Executive Director of Global Investigative Journalism Network David Kaplan breaks down five attributes of defining investigative journalism. GIJN runs conferences and workshops, provides investigative resources, and trains and networks journalists around the world in 72 countries. So what exactly is investigative journalism? Here are a set of characteristics that describe the field.
1. Systematic in depth original reporting - You are taking your time and going through something in a systematic way to really understanding what is going on in the world. The work is original as well as in depth.
2. Forming a hypothesis - Good investigative reporters tend to think like an honest public prosecutor or a good police detective. They form a hypothesis about what is going on. They use the scientific method. You form a theory and you find the facts to support it. This is one of the hardest parts in investigative journalism.
3. Analyse public documents and data - The third element of investigative journalism involves using lots of public records and public data. Investigative reporters often talk a lot about following trails. Trails of people, money of institutions and accountability. They do this through paper trails and collect as much as they can on the public record. They got documents and data leaked to them and then they analyse that to follow the trails.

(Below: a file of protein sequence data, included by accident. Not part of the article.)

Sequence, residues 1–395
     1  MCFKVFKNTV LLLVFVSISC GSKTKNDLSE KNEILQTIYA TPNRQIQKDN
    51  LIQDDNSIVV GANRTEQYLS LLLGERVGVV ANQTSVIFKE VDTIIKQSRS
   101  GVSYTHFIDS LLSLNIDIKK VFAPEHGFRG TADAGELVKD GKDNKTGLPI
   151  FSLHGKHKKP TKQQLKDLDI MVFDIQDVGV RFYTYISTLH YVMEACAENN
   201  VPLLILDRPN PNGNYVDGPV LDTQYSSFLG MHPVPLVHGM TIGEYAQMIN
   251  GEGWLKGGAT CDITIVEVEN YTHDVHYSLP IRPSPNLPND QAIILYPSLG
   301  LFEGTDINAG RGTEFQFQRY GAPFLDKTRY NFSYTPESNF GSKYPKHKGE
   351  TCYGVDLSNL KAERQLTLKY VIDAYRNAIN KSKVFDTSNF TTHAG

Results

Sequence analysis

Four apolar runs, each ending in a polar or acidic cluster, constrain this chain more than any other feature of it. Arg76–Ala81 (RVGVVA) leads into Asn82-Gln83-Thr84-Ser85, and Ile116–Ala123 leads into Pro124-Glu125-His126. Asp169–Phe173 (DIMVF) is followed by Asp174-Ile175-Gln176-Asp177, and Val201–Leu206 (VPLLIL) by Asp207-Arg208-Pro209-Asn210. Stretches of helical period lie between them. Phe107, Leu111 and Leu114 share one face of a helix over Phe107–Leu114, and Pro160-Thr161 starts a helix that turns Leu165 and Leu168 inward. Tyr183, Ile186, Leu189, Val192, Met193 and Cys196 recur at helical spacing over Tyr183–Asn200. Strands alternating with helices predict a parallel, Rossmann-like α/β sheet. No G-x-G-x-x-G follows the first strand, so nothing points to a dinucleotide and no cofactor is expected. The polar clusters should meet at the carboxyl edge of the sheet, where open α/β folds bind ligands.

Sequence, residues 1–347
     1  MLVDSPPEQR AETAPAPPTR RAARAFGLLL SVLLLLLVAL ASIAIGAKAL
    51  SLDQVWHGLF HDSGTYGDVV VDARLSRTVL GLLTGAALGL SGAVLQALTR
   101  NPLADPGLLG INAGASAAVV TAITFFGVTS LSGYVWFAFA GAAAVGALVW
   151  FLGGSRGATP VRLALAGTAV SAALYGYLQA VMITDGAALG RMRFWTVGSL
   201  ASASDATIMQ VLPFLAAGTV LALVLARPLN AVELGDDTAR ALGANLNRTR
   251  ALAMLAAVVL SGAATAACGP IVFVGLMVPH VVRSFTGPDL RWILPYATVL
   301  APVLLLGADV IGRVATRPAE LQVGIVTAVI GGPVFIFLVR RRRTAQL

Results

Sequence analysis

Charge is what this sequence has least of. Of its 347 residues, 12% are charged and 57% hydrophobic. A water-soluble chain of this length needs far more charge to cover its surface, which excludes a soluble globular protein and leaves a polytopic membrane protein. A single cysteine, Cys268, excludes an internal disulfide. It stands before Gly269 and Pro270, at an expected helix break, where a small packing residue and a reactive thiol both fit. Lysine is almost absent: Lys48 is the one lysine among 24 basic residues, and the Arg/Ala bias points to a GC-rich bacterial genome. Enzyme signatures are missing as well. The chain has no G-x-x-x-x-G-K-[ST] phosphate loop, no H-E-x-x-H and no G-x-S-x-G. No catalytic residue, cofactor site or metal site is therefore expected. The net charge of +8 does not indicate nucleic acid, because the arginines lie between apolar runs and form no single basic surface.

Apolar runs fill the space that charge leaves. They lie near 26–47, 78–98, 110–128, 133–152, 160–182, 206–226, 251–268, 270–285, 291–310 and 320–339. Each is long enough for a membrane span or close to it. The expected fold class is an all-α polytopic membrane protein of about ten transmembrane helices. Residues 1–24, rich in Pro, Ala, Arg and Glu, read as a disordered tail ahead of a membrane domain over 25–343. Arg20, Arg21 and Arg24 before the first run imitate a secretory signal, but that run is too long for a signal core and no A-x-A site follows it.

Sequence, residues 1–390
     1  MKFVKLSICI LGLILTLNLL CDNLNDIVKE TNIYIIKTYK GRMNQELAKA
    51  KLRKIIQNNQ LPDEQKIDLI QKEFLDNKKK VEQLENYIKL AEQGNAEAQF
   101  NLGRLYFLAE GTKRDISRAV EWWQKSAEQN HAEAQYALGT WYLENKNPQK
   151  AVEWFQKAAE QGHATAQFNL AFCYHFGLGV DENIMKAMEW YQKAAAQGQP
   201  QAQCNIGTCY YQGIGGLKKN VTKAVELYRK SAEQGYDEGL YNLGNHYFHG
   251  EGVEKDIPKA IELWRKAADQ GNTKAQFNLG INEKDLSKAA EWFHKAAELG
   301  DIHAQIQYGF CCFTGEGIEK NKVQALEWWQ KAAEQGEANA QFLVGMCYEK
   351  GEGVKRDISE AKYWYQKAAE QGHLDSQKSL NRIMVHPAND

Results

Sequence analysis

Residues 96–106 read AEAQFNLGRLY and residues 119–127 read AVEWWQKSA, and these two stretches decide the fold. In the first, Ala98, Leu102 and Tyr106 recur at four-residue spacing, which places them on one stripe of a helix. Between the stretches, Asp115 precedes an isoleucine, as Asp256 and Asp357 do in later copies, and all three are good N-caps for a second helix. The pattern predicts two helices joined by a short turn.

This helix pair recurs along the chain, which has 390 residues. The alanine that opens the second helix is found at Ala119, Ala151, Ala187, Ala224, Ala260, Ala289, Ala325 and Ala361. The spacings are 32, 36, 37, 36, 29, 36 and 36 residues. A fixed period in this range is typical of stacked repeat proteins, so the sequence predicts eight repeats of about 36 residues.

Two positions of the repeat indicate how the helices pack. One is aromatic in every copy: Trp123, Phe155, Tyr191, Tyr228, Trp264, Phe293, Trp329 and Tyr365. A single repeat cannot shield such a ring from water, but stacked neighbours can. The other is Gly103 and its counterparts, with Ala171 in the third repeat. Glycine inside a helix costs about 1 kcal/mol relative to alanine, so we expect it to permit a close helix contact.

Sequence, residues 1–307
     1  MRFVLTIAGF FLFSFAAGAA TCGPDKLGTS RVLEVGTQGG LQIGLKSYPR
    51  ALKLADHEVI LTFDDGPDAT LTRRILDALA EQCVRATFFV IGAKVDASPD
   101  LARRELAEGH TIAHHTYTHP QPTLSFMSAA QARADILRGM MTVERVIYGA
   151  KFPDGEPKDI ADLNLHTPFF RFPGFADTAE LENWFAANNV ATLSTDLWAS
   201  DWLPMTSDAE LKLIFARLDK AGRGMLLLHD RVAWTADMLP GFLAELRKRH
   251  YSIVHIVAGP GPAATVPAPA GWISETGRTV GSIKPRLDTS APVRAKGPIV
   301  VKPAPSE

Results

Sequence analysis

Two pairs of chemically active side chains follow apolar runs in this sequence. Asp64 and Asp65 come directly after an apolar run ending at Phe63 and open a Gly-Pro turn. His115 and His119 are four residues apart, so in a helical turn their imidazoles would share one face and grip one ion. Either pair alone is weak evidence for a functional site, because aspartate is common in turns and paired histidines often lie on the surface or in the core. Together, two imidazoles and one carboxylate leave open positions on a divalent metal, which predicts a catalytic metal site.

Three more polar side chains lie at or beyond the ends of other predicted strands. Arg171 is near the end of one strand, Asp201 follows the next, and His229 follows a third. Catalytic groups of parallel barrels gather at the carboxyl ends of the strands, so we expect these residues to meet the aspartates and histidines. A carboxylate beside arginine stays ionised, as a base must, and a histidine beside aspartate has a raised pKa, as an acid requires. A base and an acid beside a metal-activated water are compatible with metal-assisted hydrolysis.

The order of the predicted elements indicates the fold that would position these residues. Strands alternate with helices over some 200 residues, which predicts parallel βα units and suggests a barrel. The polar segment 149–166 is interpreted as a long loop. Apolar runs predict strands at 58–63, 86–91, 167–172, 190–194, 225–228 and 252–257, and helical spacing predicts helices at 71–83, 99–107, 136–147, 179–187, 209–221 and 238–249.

4. Making public things that are secret or hidden - Investigative reporters are often dealing with secret information. With things that people in power don’t want to come out-- it shows they’ve abused their position or power in society. Part of our job is finding those things and showing people what’s happening.
5. Focus on social justice and accountability - There has always been this calling in the investigative journalism profession to social accountability. Their mission is to hold companies, institutions and individuals accountable. Investigative reporting has been called the journalism of outrage and for a good reason. Investigative reporters believe in righting wrongs.
Want to learn more? Watch the full video of David Kaplan explaining investigative journalism below.